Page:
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- "N2 weapons" in Neon Genesis Evangelion, the "N2" part standing for "Non-Nuclear". Going by the concept notes for the show, they could be based either on pure nuclear fusion or on matter-antimatter reaction.
- "Vegatron bombs" in UFO Robo Grendizer. They are pretty much nukes with another name.
- Sweden's Surströmming.
- The various Mobile Suit Gundam series bring us "Colony Drops", literally dropping space colonies into the earth or moon's surface, along with solar lasers, rogue Nanotechnology, purpose-built Nanotechnology, psychic weapons, automated robots designed to kill all humans, and microwave-powered super lasers.
- Bonus points to the Psyco Gundam and Destroy Gundam which are essentially mobile, 400 tonne tactical nukes, capable of killing entire cities and armies using only their raw fire power. Both of course, are also quite vulnerable to attack by single enemy craft.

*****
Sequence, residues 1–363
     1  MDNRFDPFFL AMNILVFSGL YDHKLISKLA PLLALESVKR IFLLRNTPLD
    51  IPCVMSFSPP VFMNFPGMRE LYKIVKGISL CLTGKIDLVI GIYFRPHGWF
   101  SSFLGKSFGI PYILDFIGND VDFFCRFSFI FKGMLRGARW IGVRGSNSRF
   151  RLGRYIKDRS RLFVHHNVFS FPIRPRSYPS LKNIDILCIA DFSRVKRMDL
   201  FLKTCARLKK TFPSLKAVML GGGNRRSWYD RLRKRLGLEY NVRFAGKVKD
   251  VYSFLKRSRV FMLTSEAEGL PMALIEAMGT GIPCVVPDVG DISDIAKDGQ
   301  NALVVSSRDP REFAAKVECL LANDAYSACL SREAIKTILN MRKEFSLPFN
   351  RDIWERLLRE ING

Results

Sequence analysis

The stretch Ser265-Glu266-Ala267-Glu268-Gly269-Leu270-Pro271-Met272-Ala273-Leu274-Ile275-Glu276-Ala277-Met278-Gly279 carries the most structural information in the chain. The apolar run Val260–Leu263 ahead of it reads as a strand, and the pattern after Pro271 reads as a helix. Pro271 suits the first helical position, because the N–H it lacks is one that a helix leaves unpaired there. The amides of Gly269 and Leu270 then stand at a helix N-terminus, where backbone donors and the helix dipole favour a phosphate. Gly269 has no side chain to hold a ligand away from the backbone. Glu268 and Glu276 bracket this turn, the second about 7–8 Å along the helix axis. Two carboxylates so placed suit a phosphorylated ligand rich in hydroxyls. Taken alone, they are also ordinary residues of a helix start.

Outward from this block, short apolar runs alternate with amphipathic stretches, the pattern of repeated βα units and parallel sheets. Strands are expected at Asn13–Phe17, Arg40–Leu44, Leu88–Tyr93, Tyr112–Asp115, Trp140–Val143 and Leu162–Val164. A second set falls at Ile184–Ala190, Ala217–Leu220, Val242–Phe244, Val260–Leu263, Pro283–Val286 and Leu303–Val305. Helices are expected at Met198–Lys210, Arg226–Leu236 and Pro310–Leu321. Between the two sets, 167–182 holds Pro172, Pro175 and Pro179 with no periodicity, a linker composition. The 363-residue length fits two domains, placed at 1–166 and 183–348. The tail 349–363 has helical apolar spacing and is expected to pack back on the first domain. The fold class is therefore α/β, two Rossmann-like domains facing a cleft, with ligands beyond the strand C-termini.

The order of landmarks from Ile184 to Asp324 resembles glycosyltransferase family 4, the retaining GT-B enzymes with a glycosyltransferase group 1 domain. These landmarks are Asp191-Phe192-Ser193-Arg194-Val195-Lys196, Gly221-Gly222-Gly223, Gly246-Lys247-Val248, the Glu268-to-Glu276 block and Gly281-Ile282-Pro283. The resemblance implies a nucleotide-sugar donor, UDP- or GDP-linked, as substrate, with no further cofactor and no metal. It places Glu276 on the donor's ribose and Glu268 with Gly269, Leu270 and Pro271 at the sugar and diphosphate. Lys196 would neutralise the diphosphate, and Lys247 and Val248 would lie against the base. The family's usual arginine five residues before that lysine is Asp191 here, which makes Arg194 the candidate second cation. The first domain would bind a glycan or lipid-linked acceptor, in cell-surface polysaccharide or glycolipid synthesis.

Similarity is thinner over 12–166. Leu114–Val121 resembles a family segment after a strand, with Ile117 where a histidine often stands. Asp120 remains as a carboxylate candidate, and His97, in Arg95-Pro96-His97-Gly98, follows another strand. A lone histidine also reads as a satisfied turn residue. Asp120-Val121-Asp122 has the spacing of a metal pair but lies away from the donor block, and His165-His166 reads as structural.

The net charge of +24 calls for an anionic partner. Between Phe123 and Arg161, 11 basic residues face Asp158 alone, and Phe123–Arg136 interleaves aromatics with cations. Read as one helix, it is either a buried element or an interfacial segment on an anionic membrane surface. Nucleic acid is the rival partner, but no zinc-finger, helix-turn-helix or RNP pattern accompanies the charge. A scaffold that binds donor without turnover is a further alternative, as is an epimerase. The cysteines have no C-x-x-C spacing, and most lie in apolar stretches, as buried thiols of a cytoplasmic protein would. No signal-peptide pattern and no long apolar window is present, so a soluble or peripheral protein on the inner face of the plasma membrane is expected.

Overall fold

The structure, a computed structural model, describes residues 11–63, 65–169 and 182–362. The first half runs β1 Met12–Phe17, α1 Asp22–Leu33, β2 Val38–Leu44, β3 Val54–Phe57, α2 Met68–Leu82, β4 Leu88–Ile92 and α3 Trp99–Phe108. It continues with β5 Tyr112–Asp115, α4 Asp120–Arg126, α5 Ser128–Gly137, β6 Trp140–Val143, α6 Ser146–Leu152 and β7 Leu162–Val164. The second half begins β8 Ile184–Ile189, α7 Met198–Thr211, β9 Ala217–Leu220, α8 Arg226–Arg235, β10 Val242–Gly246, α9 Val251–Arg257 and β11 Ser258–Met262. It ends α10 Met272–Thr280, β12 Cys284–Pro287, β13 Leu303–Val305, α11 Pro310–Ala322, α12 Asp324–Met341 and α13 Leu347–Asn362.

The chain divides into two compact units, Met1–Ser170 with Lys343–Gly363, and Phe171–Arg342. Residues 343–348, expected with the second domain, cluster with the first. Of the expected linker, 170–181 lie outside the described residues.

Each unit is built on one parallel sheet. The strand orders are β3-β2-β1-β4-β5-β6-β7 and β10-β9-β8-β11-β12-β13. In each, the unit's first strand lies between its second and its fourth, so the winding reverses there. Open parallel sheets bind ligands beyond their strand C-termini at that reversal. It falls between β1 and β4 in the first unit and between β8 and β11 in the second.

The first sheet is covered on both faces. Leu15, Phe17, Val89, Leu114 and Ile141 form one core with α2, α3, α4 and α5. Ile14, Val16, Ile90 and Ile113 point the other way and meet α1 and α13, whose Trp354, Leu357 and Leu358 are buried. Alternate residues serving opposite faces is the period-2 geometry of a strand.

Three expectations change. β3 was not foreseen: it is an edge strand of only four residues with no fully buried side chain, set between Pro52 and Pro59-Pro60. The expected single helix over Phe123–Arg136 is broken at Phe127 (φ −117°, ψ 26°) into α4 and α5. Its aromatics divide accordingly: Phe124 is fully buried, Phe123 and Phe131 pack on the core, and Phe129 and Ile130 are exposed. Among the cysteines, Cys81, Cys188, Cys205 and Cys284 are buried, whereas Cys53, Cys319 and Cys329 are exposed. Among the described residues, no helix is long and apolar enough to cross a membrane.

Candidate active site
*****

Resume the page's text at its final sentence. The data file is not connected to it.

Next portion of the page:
- The "Book of Eternal Darkness" in Magical Girl Lyrical Nanoha A's.
- On a (comparatively) lesser scale, the Arc-en-Ciel cannon, a starship-mounted directed-energy weapon which works by essentially causing a localized dimensional collapse; if performed in-atmosphere, especially if at surface-level, the resultant shockwaves can obliterate everything for hundreds of kilometers around.
- Reinforce and Agito in Striker(s) blur the line between "weapon" and "person."
- The Ohmu and the God-Warrior's mouth laser in Nausicaä of the Valley of the Wind.
- The "Dimension Eater" in Macross Frontier is a car-sized device that generates a planet-sized Negative Space Wedgie that eats anything in its path.